Summary: They can say he existed because they were there, if only in dreams. [Major spoilers for Cold Blood]

Chapter 1

I have always been amazed at the way an ordinary observer lends so much more credence and attaches so much more importance to waking events than to those occurring in dreams... Man... is above all the plaything of his memory.

-Andre Breton, "Manifesto of Surrealism," 1924

The Doctor wasn't happy.

Of course, it wasn't like he wore his feelings on his sleeve all the time, but she was getting to know his face. To an outside observer, he would appear no different, but Amy knew something was wrong.

There wasn't any subtle way to go about it, or if there was she wasn't patient enough for it, so she just came out and asked: "Hey, what's with the face?"

He glanced at her irritably. "You tell me, you're the one who hit it with a cricket bat."

"That was over two years ago," Amy countered. He hadn't even bruised, anyway. "Don't change the subject."

He looked at her, and no, he wasn't angry, he was just…tired? There was definitely something off about him. "Which was what, again?" he asked.

"Your face."

"Last I checked, it's still there."

"There's something wrong with it."

"Good enough for you to snog the daylights out of, if I recall." The memory only gave him an instant of smugness, before she saw it give way to even more sadness.

"Okay, you are telling me what is going on," she insisted. "Right now. Because you keep looking at me like…like, I don't know."

"Like you've lost something."

"Yes!" Amy agreed instantly. "But…why?"

"Because you have," he told her.

Amy smiled. "Don't be so dramatic! What could I have possibly lost?"

He didn't answer her, he just fingered something in his pocket she couldn't see.

"What've you got there?" she asked. "Is that what I've 'lost'?"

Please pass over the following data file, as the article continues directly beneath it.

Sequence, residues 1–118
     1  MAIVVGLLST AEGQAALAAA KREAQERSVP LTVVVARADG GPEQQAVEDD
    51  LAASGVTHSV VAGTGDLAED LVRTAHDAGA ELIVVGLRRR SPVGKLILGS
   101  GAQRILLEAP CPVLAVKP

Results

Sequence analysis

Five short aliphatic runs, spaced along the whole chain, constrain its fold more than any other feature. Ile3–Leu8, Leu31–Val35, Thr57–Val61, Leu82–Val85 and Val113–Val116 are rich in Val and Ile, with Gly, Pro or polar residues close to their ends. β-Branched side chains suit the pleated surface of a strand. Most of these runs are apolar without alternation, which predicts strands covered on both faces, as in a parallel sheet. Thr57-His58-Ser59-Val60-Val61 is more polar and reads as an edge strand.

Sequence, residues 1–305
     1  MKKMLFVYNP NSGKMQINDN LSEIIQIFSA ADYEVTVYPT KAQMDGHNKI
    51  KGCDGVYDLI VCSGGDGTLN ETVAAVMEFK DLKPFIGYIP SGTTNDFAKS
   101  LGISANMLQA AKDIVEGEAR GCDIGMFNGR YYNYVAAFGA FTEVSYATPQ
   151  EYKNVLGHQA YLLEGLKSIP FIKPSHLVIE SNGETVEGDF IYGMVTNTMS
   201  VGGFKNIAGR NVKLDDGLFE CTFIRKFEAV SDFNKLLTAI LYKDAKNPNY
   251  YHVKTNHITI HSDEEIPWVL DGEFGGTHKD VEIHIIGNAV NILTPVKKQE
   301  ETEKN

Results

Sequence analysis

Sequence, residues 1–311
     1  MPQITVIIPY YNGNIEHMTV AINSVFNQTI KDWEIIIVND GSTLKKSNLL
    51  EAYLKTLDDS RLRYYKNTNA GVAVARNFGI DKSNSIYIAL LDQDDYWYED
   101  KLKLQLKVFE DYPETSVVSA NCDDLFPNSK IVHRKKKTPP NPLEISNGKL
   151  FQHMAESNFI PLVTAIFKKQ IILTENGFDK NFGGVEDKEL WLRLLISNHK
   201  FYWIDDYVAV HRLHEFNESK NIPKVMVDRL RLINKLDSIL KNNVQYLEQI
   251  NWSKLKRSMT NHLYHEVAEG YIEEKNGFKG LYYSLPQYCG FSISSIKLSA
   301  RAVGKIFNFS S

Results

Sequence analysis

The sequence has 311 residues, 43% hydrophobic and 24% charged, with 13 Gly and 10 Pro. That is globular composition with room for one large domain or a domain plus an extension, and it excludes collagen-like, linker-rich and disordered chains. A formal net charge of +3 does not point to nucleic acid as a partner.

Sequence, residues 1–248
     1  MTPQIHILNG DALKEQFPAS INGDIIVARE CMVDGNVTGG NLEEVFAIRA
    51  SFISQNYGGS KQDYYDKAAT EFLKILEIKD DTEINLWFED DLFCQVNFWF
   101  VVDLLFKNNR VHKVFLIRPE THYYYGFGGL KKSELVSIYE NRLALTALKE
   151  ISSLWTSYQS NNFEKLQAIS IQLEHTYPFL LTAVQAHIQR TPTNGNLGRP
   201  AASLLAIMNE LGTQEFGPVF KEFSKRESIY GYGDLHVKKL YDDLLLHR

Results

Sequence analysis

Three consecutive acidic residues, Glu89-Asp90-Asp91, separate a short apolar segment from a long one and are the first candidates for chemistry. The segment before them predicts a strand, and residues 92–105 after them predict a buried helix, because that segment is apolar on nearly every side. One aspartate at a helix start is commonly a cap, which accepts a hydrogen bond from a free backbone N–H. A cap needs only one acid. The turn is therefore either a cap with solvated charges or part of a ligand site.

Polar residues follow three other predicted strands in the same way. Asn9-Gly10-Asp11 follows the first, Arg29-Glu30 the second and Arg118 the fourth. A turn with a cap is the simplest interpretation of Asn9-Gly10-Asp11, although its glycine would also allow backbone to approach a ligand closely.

"It's nothing," he said, and pulled his hand away. His pocket didn't even show a bulge—like the TARDIS, they didn't seem to lack for space.

"Yeah, like what I lost," Amy said. "Nothing." She paused, mid-grin, and touched her cheek gingerly. "H-Hey, Doctor?" she asked, her voice suddenly shaking. "Why am I crying?"

He didn't even exactly look at her, his gaze just sort of skirted around her, like how the perception filter makes you look at everything but the TARDIS when seen from the outside. Like something you see, but don't want to see. "That's probably my fault," he said. "I tried to help you remember."

Amy wiped at her face. "This is…this is ridiculous. You're saying I just forgot something?" she hesitated, at the look in his eyes, "someone?"

The Doctor muttered something under his breath that sounded like, "You're probably better off," and turned to the controls. "Don't worry about it," he said, loud and confident. "You're absolutely right, there's nothing to worry about. Come over to this star chart, pick a planet, any planet. If you pick one without a breathable atmosphere, we'll get to use spacesuits and everything."

Amy shook her head. "No…you can't just do that! Tell me. It's going to drive me mad if you don't."

"You wouldn't believe me if I did."

"Fine, try me."

"More like you can't believe me. Because, in a sense, for you it would be a lie, because for you it never happened. Your timeline has been rewritten, and it's probably not good for you to exist in two timelines at once."

"How many timelines do you exist in?"

"That's different, I'm a Time Lord."


"So, I have a third strand of DNA which is time-sensitive. I can wrap my mind around these kinds of things. Humans have…a different coping mechanism."

"Forgetting," she finished for him.

"That's not the only reason you wanted to forget, probably," he said. "It...hurt."

Amy pieced together the parts of the puzzle she already had. "So, there was…something. Or someone. Or several someones. And I changed history so that it never happened, or they were never born? But no, we were in the future. Unless I met them even further in the future. Or…" she focused. It was hard for her to grasp this concept, so she knew she was on to something, something her brain didn't want to understand. "The clerics. One by one, they went into the crack." She covered her mouth. "There was a crack there. You reached into it. But I didn't lose you. What did I lose?"

The Doctor hesitated. "Amy, what's your earliest memory?" he asked.

She thought on it. "When I was four. The neighbors had a big dog, that always ran up to the fence and barked at me when I went by. I was afraid of it."

He smirked. "Amelia Pond, afraid? Of a dog?"

"I was only four," she said defensively. "And that was before the crack in my wall."

"Do you really remember it?" he asked. "Think harder."

"Of course I remember it. My mum used to tell me all about it. It made it hard for her to take me anywhere, because the fence ran right by the walk, and the dog barked at us the whole way from the pavement to the door. She had to carry me into the house, and make a second trip if she had any packages." She paused. "I thought about that a lot, because after she died, I treasured any memory of her."